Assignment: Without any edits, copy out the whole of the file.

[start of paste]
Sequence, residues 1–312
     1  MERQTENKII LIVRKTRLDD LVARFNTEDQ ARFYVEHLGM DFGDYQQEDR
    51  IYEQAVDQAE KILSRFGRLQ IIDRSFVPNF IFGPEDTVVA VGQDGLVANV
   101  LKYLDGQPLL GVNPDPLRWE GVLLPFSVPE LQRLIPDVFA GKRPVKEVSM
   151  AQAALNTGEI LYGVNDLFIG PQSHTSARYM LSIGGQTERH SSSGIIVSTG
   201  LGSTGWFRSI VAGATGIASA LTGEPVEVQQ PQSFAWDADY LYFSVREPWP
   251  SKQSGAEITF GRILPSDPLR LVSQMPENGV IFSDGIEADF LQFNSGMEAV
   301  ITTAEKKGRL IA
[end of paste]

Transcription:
Sequence, residues 1–312
     1  MERQTENKII LIVRKTRLDD LVARFNTEDQ ARFYVEHLGM DFGDYQQEDR
    51  IYEQAVDQAE KILSRFGRLQ IIDRSFVPNF IFGPEDTVVA VGQDGLVANV
   101  LKYLDGQPLL GVNPDPLRWE GVLLPFSVPE LQRLIPDVFA GKRPVKEVSM
   151  AQAALNTGEI LYGVNDLFIG PQSHTSARYM LSIGGQTERH SSSGIIVSTG
   201  LGSTGWFRSI VAGATGIASA LTGEPVEVQQ PQSFAWDADY LYFSVREPWP
   251  SKQSGAEITF GRILPSDPLR LVSQMPENGV IFSDGIEADF LQFNSGMEAV
   301  ITTAEKKGRL IA